Winner Announced: Saturday, June 2nd

“I think your opening is enormously important. You’ve got to write a first line that will haunt you. It’s got to be magic.” – Dorothy Allison, author of Bastard Out of Carolina, and keynote speaker at SBWC 2012

Please share this opportunity with writers you know.

Write On!

Nicole Starczak
SBWC, director

Wednesday, May 23, 2012

Too Good.

Ever read a book that was too good to read? Too good to finish? Yeah, that's happening now. I'm reading Blake Butler's Nothing, A Portrait of Insomnia, and it's not even that the writing is great, which it is, it's that it strikes so close to home.

I have had insomnia at least since high school. Probably since childhood. Insomnia is like a secret club. We don't have a handshake or meetings. We do have a shared crazy look in the eye.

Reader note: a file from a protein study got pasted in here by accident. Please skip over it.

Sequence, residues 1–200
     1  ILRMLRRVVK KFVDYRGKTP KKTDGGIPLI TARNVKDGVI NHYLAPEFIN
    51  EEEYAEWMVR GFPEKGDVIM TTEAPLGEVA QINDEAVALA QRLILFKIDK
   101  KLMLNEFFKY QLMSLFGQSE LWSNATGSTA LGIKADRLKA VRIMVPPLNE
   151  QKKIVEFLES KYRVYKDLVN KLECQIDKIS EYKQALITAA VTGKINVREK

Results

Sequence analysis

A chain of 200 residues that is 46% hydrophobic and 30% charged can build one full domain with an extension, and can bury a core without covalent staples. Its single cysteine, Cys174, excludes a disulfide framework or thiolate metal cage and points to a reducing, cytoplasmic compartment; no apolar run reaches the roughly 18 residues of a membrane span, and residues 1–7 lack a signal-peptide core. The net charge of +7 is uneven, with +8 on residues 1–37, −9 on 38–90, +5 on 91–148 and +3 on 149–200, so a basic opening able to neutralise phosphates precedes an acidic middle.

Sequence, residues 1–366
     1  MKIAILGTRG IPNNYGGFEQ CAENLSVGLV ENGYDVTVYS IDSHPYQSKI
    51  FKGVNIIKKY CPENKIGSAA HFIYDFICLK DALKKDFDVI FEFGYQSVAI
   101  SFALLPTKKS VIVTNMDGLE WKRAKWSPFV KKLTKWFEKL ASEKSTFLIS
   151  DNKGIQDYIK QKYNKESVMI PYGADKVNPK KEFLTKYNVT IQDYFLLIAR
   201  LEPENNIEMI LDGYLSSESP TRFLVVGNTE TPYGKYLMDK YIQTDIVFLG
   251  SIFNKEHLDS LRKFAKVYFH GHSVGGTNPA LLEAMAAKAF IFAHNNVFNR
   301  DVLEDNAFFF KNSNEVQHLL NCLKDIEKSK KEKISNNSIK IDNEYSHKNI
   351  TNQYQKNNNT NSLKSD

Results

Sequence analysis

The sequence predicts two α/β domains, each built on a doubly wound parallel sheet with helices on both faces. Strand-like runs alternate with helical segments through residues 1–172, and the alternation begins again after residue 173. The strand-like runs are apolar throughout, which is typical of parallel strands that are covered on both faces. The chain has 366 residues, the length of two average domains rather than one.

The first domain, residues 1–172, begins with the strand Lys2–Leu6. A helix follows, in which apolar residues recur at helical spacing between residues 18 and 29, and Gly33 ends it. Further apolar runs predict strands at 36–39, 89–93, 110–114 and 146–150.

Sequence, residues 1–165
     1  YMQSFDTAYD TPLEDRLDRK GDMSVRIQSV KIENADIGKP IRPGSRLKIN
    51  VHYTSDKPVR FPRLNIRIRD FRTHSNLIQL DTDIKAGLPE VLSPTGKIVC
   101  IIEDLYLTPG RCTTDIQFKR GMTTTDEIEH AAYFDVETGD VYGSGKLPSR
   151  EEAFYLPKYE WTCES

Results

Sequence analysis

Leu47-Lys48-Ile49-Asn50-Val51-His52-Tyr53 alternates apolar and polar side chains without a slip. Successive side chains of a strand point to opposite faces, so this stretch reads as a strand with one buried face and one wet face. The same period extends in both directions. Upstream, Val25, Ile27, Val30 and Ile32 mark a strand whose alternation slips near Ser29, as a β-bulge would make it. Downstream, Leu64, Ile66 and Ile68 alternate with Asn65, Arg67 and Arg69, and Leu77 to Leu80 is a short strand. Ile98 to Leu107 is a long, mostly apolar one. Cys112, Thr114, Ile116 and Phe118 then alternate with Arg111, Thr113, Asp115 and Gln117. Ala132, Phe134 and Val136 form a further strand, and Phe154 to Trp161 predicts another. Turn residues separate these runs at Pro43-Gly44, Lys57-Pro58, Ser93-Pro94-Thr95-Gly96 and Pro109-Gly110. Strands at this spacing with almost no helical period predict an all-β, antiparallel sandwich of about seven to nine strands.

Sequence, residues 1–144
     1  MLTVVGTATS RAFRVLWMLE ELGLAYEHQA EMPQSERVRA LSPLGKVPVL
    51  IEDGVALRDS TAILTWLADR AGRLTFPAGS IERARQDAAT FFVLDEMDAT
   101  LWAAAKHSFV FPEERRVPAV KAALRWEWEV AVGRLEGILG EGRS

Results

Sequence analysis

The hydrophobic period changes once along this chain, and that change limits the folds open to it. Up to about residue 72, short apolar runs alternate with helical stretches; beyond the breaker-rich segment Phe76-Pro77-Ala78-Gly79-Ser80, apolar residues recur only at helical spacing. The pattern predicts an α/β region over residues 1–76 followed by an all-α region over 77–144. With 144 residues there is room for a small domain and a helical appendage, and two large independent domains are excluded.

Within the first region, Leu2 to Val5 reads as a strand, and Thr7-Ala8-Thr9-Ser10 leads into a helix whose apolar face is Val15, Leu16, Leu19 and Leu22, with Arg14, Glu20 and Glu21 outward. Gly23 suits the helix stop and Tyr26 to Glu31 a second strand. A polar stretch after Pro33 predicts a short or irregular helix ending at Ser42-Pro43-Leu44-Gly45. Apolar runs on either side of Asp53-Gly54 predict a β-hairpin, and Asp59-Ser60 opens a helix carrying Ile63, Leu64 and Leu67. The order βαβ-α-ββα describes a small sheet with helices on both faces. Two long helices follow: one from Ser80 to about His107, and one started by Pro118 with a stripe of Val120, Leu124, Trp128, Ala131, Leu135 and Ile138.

I'm not talking about the occasional difficult evening dropping off to sleep. I'm talking my last good night's sleep was February 9, 2008. It was a Saturday. This book knows that kind of thing. Want to share the crazy? Read this book.

Saturday, May 19, 2012

When Will it End?!?!

What sort of lunatic picks as a New Year's Resolution the reading of one hundred pages a day? It's not the reading that's the problem; I like that part. It's the blogging about it. The keeping up on Goodreads. From now on, expect briefer reviews. You don't care, I know, and I want to blog about other things. So here's a lightning round:
Kayak Morning by Roger Rosenblatt. A father mourns a lost child, framed in the setting of his morning kayak trip. Lovely, poetic writing, but I feel that I missed Rosenblatt's earlier memoir on this topic. Similar to Jeanette Winterson's work in that way. Can you keep plowing the same field in memoir?

Selected Poems by Carl Sandburg. I'm struck by how new and surprising Sandburg must have been when these poems were written, because they still feel new. I'm glad the Tea Party hasn't banned his work. All that pro-labor stuff, you know.